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California's First Desalination Plant in Carlsbad Passes Permitting Process

Poseidon and GE bring desalination plant technology to California

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November, 2007 -- The first of 17 desalination plants proposed for California successfully completed the permitting process by the California Coastal Commission.

The Carlsbad plant is being designed, built, and operated by Connecticut-based Poseidon Resources Inc., a company that specializes in desalination plants and was involved in the early stages of the first large-scale American plant in Tampa. The desalination plant plans must be officially certified by the State Lands Commission.

The plant underwent the state's permitting process in May 2006, and has received opposition from environmental groups, particularly the Surfrider Organization, for its potential effect on the coastal environment. Desalination plants release a saline effluent back into the ocean, which has been deemed by scientists as harmless to the marine environment, but which some still believe could have a detrimental effect on the salinity of coastal waters.

Impending water shortages in around the world have spurred investment for water-related technologies, including desalination. Corporations such as Dow Chemical (NYSE: DOW) and GE (NYSE: GE) have spent millions to license emerging technologies related to desalination.

GE invested in the Carlsbad plant earlier in 2007, where its “ecomagination-certified” ZeeWeed ultrafiltration (UF) technology is expected to be installed. When the Carlsbad plant becomes operational, it will be the largest seawater desalination plant in the world to use UF membranes for pretreatment.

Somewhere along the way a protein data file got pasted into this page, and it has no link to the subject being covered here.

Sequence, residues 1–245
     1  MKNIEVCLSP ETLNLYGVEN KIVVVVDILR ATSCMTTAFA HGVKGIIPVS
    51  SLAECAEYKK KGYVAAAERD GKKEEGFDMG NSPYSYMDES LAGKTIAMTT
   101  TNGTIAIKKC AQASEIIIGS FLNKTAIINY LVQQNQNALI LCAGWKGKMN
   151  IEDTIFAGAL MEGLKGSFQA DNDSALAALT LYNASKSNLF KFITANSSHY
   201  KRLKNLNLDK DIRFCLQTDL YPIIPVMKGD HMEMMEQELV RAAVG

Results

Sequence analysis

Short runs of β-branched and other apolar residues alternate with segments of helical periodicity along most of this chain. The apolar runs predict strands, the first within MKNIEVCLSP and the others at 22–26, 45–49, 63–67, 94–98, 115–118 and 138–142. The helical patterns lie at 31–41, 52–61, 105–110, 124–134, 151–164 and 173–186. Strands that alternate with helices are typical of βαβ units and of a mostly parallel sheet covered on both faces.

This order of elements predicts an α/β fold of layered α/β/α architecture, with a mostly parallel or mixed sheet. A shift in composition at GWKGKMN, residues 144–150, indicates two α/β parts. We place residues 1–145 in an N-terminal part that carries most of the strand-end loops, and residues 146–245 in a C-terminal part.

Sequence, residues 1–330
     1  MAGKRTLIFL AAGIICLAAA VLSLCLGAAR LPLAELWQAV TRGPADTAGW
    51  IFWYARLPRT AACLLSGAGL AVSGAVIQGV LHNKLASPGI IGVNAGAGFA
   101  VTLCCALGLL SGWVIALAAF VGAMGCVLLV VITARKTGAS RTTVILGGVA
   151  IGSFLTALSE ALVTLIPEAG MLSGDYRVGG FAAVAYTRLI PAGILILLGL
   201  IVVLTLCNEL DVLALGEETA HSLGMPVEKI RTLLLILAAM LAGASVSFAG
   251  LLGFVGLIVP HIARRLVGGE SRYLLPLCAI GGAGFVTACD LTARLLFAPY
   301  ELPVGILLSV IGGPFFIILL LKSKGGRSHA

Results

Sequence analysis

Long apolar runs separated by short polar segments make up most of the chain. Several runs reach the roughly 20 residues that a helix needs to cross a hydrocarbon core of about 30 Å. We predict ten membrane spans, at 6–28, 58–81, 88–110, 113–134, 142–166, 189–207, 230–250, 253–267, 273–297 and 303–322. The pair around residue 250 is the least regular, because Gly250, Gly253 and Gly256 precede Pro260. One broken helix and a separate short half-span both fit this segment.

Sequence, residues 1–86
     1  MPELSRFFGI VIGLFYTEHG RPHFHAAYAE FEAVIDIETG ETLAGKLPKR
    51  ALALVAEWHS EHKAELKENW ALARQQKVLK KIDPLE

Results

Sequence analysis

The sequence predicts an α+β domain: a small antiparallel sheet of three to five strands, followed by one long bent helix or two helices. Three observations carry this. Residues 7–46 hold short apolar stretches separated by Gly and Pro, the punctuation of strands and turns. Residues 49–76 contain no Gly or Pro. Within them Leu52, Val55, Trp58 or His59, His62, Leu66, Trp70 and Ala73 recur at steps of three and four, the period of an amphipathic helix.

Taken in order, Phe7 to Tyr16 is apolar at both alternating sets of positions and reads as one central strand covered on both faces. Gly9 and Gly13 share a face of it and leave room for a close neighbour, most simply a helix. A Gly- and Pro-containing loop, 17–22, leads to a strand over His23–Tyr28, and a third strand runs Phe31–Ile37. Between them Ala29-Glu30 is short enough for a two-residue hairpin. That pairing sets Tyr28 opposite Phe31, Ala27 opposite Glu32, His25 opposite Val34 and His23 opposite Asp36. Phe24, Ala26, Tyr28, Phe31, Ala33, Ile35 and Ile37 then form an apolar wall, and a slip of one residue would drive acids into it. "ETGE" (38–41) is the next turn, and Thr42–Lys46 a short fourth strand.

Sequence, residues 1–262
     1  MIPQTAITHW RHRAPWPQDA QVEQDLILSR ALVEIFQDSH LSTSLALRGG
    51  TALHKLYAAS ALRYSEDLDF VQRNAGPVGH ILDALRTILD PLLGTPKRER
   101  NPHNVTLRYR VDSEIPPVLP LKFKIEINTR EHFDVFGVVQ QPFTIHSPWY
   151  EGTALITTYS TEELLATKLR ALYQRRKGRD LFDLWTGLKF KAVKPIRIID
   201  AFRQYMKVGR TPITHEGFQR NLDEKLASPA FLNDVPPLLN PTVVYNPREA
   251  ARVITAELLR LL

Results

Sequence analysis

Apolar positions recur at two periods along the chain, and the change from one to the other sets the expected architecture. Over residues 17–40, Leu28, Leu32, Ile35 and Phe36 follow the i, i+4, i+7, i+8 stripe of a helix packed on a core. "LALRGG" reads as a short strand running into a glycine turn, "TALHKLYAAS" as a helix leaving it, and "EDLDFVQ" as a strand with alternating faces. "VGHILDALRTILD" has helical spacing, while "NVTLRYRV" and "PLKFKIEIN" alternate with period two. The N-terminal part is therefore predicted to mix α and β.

Dow’s FilmTec membranes are currently being employed in the world’s largest desalination plant in Israel, the birthplace of desalination, and the company recently licensed technology for a process that claims to remove the effluent problem from the desalination process by turning the saline solution into gypsum that can be sold to the building industry.

With the California Coastal Commission's approval, the $270 million Carlsbad plant will begin construction in 2008 and to be fully functional by 2010, according to Poseidon Resources.

Poseidon is also moving plans for a Long Beach, Calif., desalination plant through the permitting process.

Edited by Carolyn Allen
| water | desalination | southern california |

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